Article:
When Friday afternoon came during the building of the Mishkan and Bnei Yisrael ceased from all their construction activity, they discovered the secret of Shabbos. On those days of Shabbos, when work on Hashem’s dwelling place on earth, the center of their spiritual life, was set aside, every Jew, for all time, was freed from the totalitarianism of “the need of the hour,” or “for the sake of the nation,” and so on, which so many a time has swallowed up the individual and ground his identity to dust. And of course, every Jew also won freedom from his own desires and urges.

He learned that Shabbos is not merely a day of rest, not just “the Jewish Sunday.” This sharp, targeted warning, prohibiting the people in absolute terms from using the holy day of rest for the national aim that obligated them at that time, revealed Shabbos to them in its correct perspective as a day that was to be every Jew’s personal Mishkan in time, just as the Ohel Moed was their Mishkan in space. For it is in these two dimensions, time and space, that man moves and acts in his world.

The Torah’s reiteration here of the mitzvah of Shabbos is worded especially to serve as the antithesis to the idea that material achievement is the ultimate goal of life:

“Veshamru bnei Yisrael es haShabbos, la’asos es haShabbos…” Shabbos, the Torah teaches us, is also asiyah, it is also something that we “do,” no less than the activity of building the Mishkan, and in fact it is asiyah on an even higher level. Doing and making in the spatial realm results in an external creation, whereas in the realm of time it forms an internal creation — it creates the person and builds his soul.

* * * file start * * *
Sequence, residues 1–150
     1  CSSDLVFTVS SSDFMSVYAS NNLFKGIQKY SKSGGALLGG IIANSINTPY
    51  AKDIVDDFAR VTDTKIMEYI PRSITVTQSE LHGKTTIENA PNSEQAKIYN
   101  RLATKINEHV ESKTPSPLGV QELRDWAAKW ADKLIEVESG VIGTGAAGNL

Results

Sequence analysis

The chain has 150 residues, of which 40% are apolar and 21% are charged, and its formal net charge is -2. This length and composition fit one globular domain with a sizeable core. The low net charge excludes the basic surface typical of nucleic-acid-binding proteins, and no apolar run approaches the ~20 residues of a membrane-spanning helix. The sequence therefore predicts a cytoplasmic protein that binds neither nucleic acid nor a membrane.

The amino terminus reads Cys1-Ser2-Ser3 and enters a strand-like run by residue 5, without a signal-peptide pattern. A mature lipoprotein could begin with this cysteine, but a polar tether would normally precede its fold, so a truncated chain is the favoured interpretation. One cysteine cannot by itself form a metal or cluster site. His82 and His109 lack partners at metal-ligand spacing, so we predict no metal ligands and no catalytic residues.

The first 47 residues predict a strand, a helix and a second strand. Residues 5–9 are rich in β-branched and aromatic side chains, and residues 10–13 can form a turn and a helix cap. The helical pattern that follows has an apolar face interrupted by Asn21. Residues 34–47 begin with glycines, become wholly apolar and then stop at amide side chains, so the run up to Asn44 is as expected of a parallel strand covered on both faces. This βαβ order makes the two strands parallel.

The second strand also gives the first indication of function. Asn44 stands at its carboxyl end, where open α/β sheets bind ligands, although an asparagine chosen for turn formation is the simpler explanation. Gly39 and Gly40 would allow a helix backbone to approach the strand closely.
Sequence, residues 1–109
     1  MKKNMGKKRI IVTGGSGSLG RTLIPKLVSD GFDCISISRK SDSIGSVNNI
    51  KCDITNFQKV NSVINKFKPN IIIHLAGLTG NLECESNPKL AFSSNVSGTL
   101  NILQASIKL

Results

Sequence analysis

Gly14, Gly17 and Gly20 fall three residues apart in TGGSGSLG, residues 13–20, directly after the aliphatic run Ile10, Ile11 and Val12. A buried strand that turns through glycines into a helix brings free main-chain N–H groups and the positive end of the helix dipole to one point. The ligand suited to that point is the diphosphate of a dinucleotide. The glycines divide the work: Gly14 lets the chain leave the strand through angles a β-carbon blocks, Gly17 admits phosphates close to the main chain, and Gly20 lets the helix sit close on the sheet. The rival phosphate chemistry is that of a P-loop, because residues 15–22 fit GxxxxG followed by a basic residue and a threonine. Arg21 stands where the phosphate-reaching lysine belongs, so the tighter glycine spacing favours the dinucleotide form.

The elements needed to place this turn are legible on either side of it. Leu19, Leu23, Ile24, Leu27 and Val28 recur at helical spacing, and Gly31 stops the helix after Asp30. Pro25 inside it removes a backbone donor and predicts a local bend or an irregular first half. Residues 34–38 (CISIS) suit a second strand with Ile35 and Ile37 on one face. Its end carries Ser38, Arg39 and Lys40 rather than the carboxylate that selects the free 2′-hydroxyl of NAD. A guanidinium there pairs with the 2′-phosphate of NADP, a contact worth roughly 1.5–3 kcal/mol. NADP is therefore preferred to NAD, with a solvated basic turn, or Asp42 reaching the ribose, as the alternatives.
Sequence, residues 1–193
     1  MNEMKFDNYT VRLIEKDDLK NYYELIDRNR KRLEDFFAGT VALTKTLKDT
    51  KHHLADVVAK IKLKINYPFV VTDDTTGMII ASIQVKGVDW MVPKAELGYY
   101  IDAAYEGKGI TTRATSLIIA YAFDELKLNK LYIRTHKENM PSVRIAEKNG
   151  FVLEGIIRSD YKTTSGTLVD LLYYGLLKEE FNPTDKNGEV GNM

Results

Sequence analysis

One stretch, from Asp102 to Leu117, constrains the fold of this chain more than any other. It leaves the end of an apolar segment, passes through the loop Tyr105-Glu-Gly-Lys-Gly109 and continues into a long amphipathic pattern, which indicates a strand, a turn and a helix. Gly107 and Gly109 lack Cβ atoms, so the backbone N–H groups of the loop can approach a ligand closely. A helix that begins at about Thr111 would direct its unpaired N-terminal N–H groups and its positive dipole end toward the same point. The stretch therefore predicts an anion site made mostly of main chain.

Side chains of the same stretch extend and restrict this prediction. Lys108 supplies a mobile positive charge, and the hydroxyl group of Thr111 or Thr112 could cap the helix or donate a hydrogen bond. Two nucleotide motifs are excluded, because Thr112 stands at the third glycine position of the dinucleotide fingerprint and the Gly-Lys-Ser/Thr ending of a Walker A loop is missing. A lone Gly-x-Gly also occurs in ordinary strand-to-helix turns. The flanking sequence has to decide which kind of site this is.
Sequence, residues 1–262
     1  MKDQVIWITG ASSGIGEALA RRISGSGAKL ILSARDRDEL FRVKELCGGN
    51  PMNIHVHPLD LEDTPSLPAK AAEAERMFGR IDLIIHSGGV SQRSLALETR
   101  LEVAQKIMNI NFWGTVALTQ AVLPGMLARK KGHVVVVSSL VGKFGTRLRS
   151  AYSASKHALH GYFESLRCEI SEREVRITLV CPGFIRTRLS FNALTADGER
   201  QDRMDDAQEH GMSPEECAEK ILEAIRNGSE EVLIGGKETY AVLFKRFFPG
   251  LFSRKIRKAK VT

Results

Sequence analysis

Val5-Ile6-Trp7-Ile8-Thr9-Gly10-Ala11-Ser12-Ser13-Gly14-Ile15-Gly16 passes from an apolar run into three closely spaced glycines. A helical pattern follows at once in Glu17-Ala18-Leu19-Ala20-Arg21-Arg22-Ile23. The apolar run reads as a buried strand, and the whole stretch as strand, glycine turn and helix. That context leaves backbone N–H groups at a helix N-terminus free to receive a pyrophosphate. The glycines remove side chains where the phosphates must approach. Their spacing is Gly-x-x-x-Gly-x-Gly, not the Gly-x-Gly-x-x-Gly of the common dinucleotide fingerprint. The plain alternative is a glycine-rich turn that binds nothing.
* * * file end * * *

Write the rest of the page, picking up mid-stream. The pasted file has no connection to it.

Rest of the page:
Thus, by enforcing balance between dedication to the public good and a person’s responsibility to develop himself, Shabbos saved the individual from being swallowed up by the society. It’s no wonder that the generations who grew up on this concept of Shabbos saw it as “a taste of Olam Haba.” They knew just why it is called “a good gift,” a “chemdas hayamim,” and other terms of endearment.

It is interesting to see how various thinkers of our times who did not grow up in shomer Shabbos homes, have rediscovered Shabbos. Today’s consumer culture, which tries so hard to enslave and trample the individual, has actually been a catalyst in their yearning for the inner freedom that Shabbos offers.

Back in 1965, at the height of the Labor Party’s socialist dominance of Israeli society, Labor MK and Zionist scholar and writer Eliezer Livneh penned in Haaretz, “The technological age crushes the human soul. The race to speed everything up destroys the rhythm of emotional communication between man and his fellow, making it functional at best, but sparse in spiritual and emotional content…. The multitude of choices and sheer variety of ways to satisfy needs erode man’s inner peace. Modern advertising, including what is known as public relations, is meant to rob the ‘customers’ of their last remaining serenity and push them from one artificial craving to another. And so, communication with oneself is also destroyed, and man never comes to self-knowledge or self-understanding.

“This is why we need the Shabbat; it is vital to us if we mean to endure on this land. There is nothing more modern than the authentic Shabbat! Shabbat in its original form, in its spiritual sense, and in its psychological parameters, is extremely important to us. To us, the people of the twentieth century…

“Shabbat is the completion of creation. That is, it is on a completely different wavelength from the weekday, and it is necessary for sustaining life at its fullest…”

I’ve quoted Livneh before, because his words are representative of a mode of thought espoused by experts in many other fields who were driven by the crisis of modern Western culture to discover Shabbos as a means of redemption of the individual and of society.

In the Gemara (Shabbos 10b), we find, “HaKadosh Baruch Hu said to Moshe, ‘I have a good gift in my treasure-house, and Shabbos is its name, and I would like to give it to Yisrael — go and tell them.’ ”

Hashem revealed the secret of a balanced life to the Jewish People before they trapped themselves in a misconceived understanding of Shabbos. He gave them the gift of Shabbos just before they built the Mishkan, to prevent the distress that would come upon them if they misunderstood the message.

(Originally featured in Mishpacha, Issue 749)